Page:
A lack of resources and expertise
Research suggests that there are currently less than 3 trained health physicians per 10,000 people in Sub-Saharan Africa.
Even where there are the medical experts in place, these doctors have little access to suitable treatments and are often unable to maintain a sterile environment, which makes complex procedures such as surgical operations extremely dangerous.
Medications which are widely available in the developed world are often a rarity in the developing world and almost all patients cannot afford such treatments.
Over 2 million people die from diarrhoea each year, which is startling as it is so easily treatable in the developed world.
Often the education received by trained doctors is not as thorough or extensive as that provided in the developed world and therefore health practitioners do not have the necessary training to provide optimum care.
A widespread lack of provision and accessibility
As mentioned previously, there are very few trained healthcare professionals in relation to the growing population figures; this makes accessing medical care extremely difficult and means that millions of people are currently unable to see a doctor.
Often people have to make long and treacherous journeys to see a doctor; many who are extremely ill do not make it and lose their fight along the way.
Poor accessibility is not just costly for patients but also means it is extremely difficult for aid agencies to distribute medications and resources; poor storage facilities also account for a considerable amount of wasted medications in these countries, according to the WHO.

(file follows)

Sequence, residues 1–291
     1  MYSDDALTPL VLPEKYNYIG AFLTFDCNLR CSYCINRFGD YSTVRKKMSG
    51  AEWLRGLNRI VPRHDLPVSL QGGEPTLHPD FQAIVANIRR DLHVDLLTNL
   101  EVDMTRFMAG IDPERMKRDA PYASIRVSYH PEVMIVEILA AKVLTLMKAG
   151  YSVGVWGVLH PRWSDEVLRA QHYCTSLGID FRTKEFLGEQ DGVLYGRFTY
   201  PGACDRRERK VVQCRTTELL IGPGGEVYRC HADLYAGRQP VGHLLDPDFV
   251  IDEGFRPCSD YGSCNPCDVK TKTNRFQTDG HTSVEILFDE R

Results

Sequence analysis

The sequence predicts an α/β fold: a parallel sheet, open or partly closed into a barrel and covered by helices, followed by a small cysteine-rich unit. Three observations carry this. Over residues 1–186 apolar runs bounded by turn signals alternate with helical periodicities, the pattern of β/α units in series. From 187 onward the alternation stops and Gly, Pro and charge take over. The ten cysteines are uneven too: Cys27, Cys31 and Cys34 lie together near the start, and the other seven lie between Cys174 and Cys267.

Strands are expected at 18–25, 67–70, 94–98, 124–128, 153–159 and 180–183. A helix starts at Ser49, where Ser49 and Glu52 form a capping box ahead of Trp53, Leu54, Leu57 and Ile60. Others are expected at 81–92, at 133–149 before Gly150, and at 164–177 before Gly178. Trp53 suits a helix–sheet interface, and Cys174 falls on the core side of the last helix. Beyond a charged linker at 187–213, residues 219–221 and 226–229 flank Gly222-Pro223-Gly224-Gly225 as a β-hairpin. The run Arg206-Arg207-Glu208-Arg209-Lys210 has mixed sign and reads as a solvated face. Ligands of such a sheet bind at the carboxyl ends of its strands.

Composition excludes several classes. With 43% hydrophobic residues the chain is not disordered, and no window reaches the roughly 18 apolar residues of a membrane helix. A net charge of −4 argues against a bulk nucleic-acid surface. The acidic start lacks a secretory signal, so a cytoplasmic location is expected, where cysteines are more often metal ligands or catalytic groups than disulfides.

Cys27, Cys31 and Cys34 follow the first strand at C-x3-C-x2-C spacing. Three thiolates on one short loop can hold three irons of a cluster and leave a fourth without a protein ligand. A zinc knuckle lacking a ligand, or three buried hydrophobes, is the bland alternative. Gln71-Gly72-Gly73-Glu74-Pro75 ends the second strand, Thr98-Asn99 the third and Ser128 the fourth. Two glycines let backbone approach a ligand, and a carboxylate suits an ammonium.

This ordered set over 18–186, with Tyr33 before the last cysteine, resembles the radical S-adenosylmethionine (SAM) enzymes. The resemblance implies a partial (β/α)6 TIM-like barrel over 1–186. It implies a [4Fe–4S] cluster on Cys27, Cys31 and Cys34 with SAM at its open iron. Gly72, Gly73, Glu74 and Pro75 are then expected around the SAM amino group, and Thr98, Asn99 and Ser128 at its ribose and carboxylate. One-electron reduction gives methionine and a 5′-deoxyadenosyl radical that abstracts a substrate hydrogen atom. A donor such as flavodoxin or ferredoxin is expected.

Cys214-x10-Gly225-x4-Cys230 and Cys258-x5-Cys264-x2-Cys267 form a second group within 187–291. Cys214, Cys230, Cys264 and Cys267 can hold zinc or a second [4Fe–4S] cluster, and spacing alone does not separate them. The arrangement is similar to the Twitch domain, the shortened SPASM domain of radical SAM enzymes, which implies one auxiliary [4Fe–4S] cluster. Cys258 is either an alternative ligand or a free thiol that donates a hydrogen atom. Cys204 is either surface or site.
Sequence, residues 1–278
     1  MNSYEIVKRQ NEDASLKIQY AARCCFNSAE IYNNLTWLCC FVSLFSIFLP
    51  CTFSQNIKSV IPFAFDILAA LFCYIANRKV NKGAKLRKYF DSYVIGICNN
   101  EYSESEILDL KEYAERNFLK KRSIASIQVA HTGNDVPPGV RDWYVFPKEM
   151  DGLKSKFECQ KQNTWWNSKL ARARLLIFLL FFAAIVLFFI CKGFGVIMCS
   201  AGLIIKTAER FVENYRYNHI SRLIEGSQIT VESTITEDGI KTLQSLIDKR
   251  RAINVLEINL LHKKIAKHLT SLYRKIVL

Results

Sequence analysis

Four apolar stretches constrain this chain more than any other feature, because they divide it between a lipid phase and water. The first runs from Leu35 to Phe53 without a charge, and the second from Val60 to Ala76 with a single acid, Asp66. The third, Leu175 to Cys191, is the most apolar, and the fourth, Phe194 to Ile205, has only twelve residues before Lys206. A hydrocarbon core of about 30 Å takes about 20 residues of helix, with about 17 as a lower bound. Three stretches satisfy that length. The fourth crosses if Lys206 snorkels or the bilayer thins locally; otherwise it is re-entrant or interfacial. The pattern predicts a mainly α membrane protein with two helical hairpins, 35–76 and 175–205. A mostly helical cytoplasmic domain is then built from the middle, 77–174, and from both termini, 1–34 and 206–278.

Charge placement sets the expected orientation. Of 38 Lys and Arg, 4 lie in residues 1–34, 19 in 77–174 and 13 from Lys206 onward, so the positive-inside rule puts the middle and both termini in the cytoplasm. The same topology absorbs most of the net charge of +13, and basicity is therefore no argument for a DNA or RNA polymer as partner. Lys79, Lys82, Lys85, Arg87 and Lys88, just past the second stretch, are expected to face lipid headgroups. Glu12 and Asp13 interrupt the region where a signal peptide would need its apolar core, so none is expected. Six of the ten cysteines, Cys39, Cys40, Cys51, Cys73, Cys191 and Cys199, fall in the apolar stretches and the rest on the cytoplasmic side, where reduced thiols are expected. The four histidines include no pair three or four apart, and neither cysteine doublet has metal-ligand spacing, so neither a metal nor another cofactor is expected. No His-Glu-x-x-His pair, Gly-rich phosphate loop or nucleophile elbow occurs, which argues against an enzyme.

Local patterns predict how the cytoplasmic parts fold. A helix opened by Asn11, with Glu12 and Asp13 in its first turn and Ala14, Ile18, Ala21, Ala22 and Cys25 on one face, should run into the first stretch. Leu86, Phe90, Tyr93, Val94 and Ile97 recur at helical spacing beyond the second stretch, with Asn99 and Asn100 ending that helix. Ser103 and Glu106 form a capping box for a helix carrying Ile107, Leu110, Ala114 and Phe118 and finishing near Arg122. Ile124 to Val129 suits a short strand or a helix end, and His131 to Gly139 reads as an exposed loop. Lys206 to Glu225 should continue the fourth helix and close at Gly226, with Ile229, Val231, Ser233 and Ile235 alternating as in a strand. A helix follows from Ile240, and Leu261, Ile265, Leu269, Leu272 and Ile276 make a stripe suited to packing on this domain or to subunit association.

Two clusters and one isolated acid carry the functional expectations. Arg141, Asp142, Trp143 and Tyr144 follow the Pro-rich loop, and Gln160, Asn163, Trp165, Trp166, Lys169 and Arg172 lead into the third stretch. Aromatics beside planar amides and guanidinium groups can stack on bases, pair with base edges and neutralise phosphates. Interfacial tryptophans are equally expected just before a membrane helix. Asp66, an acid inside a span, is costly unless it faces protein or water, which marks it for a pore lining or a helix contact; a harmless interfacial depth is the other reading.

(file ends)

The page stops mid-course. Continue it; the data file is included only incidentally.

The spread of infection
Many of the world’s poorest people live in high-density rural communities where sanitation is poor; this leads to an incredibly quick spread of infection, meaning illnesses can wipe out entire communities in a short space of time.
Often families are large and everyone lives under the same roof; this means people are constantly in contact with each other and at risk from the spread of air-borne bacteria.
Health centres are commonly located in urban areas and therefore people in rural communities are unable to get the help they desperately need before it’s too late.
Government weakness, oppression and corruption
In the past many Governments in the developing world have been accused of being oppressive and corrupt; this has meant healthcare and human rights have not been prioritised and the situation has become increasingly serious.
Some countries, in tandem with leaders from the developed world and charitable organisations, have however managed to improve the healthcare provision available to their citizens and the general health and prosperity of these nations is progressing rapidly.
However, in many parts of the developing world the situation remains dire. Failure to improve transport networks has hampered the distribution of aid and a lack of sufficient storage facilities has caused millions of pounds worth of medication and equipment to be wasted.